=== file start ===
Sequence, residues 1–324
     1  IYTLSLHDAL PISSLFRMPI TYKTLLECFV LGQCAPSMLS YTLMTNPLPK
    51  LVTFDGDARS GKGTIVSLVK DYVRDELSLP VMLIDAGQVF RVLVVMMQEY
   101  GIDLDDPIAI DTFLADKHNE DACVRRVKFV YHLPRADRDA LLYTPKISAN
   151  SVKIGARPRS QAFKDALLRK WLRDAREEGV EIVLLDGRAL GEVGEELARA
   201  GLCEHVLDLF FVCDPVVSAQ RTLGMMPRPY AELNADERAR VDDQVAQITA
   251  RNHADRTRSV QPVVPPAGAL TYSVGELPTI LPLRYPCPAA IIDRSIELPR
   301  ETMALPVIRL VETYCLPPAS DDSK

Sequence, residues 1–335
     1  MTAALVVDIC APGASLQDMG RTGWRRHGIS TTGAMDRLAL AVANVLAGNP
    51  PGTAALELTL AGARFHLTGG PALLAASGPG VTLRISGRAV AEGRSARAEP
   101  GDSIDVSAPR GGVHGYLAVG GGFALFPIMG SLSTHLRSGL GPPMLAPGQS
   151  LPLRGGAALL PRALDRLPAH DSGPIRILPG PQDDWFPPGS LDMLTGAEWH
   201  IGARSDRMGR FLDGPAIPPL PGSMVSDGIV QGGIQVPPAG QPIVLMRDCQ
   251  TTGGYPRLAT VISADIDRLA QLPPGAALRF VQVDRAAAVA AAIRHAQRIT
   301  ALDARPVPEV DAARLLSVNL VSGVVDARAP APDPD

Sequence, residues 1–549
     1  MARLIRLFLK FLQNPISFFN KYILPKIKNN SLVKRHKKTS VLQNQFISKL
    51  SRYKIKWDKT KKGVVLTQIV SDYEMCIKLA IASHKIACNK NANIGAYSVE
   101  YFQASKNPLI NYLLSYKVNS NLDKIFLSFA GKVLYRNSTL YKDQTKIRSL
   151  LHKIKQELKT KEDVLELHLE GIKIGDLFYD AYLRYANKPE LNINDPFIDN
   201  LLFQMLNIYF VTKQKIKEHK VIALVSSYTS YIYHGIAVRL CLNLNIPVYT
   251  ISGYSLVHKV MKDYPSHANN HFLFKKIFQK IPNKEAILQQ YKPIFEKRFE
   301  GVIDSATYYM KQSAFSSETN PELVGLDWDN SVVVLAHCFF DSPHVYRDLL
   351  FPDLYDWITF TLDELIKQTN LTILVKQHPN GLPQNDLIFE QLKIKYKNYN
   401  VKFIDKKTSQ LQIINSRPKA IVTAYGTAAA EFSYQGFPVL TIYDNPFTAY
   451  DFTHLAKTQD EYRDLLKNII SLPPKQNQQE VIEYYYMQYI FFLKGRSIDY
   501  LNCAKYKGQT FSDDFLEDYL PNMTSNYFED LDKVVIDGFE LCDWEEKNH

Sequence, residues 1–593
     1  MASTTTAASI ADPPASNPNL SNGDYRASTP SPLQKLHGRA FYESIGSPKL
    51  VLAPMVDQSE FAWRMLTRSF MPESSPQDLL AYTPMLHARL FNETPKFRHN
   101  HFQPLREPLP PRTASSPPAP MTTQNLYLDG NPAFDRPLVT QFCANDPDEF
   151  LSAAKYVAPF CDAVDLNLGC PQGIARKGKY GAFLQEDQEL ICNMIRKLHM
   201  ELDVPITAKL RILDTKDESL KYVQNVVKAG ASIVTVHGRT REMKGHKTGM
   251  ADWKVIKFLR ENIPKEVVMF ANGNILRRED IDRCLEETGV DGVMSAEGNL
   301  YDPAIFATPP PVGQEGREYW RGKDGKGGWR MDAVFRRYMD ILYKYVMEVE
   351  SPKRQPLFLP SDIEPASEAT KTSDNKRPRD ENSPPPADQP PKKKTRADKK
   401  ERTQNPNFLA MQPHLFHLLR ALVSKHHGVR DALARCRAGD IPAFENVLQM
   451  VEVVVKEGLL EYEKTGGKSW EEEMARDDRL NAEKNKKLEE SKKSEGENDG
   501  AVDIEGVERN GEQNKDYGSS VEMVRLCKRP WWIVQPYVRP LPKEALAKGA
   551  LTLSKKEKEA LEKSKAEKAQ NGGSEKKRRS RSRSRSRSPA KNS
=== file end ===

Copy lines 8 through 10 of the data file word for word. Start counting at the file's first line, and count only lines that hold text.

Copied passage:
   301  ETMALPVIRL VETYCLPPAS DDSK

Sequence, residues 1–335
     1  MTAALVVDIC APGASLQDMG RTGWRRHGIS TTGAMDRLAL AVANVLAGNP